Hello everyone! I hope this post finds you well. I have been fooled many times over the years when it comes to wildflowers. I have learned a lot as a gardener, expecting one thing and getting another. Plants are not that complicated, or so we might think. Plants in our garden, flower beds, and pots depend on us for their growth and survival. If we take care of them and give them what they need, we are rewarded with flowers and a harvest of fruit and vegetables. But sometimes our perennials may not return the next spring, and our self-seeding annuals may come up God knows where. We do, however, have a lot to say about what grows where in our yard and we can thin or move things around a bit. Plus, there are always new plants to bring home. 🙂 In the wild… Well, that is a different story.
Since 2013 when I returned to the family farm and have been getting more into wildflowers, I have noticed a lot of changes. Many wildflower species come up hit and miss from one end of the farm to the other and don’t necessarily grow in colonies. That being Achillea millefolium (Yarrow) for one. The large colonies of seven species of Persicaria have also changed which I thought were unstoppable… All but one species no longer have large colonies and have been consumed by others. The Persicaria virginiana (Jumpseed), on the other hand, seems to definitely be unstoppable for the moment where it colonized in 2019. Of course, all the Persicaria species identified here are still present, just not in huge numbers. Switching from grazing the pastures to growing hay has made a big difference. Nature is definitely dog-eat-dog and depends on the survival of the fittest.
I started this post a few days ago but always had something better to do. Honestly, anything is better than writing about Hedge Parsley. I thought about taking more photos for this post, like all the places it is growing, but it started raining. I also need to work in the garden, but it started raining. What else? Well, since it started raining my list became very short and the Hedge Parsley draft is staring right at me. GEEZ!!! So, I guess I just as well dive in and get it out of the way and off my mind.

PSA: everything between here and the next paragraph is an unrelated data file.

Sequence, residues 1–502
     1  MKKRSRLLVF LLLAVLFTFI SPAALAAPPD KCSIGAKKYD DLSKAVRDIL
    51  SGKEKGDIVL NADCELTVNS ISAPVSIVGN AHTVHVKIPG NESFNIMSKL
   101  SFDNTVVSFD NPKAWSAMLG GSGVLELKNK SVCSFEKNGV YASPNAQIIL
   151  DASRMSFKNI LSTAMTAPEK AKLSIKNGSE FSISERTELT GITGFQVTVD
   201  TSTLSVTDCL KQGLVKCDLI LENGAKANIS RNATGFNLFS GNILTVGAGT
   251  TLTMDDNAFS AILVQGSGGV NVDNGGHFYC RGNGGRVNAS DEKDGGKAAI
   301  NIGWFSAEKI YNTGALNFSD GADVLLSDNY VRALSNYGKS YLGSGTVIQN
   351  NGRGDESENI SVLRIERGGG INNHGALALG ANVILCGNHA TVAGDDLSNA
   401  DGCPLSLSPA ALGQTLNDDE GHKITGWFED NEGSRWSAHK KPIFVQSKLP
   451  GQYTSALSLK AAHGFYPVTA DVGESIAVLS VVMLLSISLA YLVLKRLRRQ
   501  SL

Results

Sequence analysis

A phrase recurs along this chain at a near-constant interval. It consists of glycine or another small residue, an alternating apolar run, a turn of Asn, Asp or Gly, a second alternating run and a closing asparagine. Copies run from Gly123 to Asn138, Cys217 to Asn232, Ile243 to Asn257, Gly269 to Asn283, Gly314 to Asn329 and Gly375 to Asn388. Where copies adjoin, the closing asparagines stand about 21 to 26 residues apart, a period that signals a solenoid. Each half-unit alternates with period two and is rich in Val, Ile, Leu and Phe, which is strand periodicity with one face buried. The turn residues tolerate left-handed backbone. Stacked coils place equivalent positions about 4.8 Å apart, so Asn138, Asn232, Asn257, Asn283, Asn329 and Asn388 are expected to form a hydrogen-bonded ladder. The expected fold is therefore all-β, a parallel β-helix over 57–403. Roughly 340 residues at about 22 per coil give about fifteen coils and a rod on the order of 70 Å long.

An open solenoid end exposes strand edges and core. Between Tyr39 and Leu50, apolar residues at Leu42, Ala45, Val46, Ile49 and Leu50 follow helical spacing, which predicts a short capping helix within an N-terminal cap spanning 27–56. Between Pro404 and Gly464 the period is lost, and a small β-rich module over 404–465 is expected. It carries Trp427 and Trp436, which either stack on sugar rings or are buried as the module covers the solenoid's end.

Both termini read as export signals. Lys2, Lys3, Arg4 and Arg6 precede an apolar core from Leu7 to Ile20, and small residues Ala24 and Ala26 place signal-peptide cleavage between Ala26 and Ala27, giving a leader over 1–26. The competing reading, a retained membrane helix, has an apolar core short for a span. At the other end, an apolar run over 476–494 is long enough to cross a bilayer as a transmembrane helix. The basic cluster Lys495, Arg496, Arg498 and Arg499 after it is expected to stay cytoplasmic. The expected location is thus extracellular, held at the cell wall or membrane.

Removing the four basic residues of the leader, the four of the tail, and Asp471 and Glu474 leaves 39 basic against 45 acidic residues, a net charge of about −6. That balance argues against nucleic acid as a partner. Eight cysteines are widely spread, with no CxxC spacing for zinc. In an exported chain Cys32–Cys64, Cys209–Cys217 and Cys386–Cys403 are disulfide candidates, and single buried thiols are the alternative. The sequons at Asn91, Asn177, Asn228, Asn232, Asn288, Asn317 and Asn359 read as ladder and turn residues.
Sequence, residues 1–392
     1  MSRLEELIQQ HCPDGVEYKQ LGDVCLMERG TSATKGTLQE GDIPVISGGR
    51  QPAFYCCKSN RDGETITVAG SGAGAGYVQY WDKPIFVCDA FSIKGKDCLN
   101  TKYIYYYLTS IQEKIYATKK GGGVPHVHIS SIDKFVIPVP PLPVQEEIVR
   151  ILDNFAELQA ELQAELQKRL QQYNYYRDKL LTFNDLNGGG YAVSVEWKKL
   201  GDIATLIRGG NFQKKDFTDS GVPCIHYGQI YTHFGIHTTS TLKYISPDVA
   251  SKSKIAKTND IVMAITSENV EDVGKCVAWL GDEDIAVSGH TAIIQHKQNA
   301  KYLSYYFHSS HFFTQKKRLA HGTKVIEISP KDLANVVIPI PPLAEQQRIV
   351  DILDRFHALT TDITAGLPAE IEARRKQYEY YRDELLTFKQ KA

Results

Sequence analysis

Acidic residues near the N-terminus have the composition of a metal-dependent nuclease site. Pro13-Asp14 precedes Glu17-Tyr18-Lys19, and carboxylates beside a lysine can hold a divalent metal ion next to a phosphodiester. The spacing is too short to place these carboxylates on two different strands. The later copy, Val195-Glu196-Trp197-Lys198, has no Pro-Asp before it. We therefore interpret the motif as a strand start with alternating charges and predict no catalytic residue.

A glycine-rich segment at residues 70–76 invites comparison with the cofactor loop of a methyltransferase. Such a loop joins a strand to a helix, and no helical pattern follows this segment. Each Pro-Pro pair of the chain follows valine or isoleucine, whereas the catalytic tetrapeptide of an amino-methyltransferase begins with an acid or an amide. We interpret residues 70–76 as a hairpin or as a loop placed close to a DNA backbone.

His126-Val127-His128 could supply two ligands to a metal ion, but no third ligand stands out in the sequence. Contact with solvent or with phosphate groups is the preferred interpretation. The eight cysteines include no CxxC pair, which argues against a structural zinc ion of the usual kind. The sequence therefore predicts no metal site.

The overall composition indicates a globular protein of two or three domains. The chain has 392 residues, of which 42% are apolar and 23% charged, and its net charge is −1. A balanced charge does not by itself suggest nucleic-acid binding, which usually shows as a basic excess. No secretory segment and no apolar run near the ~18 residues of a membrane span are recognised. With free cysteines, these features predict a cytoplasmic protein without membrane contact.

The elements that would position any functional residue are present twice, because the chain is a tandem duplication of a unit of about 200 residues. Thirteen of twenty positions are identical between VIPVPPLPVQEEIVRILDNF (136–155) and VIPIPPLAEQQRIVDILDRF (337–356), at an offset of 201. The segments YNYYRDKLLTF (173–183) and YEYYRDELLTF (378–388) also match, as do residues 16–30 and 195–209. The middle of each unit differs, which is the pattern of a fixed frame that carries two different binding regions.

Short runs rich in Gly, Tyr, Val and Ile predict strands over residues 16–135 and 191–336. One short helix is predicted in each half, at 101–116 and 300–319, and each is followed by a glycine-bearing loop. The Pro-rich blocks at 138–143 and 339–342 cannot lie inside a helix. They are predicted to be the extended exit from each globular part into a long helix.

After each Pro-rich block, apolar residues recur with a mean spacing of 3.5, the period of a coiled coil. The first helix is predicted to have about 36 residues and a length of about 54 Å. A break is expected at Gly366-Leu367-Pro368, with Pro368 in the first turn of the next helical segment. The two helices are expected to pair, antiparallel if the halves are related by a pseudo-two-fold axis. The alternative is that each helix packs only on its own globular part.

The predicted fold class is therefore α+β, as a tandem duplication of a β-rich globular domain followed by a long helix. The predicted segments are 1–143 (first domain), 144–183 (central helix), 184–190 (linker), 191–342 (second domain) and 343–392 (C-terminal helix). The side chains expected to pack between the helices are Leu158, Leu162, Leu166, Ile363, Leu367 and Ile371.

Well, you know I mentioned in the last post I had added several observations of Torolis arvensis to iNaturalist. Then one member had to ask if I was sure it wasn’t Torilis japonica. Honestly, it is always annoying when someone asks me if I am sure about anything. If I wasn’t sure I wouldn’t be saying anything at all. I am not one to exaggerate… If I tell you I caught a fish that was 3 feet long it is because I measured it and have a photo to prove it. I have never caught a fish 3′ long, by the way. 🙂
But… His question festered inside of me for a long time. I figured since I have been picking those darn stick tights off my clothes since I was a kid, they had to be Torilis arvensis. After all, Torilis japonica wasn’t discovered in Missouri until 1988. Heck, the species wasn’t even named until… OK, so it was first named Caucalis japonica in 1777 and that was a long time ago. They aren’t a native species after all and Torilis arvensis wasn’t even “collected” in Missouri until 1909. Besides that, both species were misidentified by a lot of botanists, horticulturalists (and so on) because they didn’t know the difference between the two. So, which one was actually here in the first place?
They are basically exactly the same and some websites even say one species is a synonym of the other, including one of my favorite wildflower sites. According to Steyermark’s Flora of Missouri, many authors mistakenly treated Torilis arvensis as Torilis japonica despite detailed descriptions and reversed the distributional range statements of the two species. Despite Steyermark’s lengthy description about both species, it doesn’t mention the key ingredient. Not even enough to be able to tell the two apart. Likely, by the time the first specimens were collected, both species were fairly widespread. It is just my opinion, but farmers back then didn’t really think about weed species that much, and botanists didn’t really know what was really out there.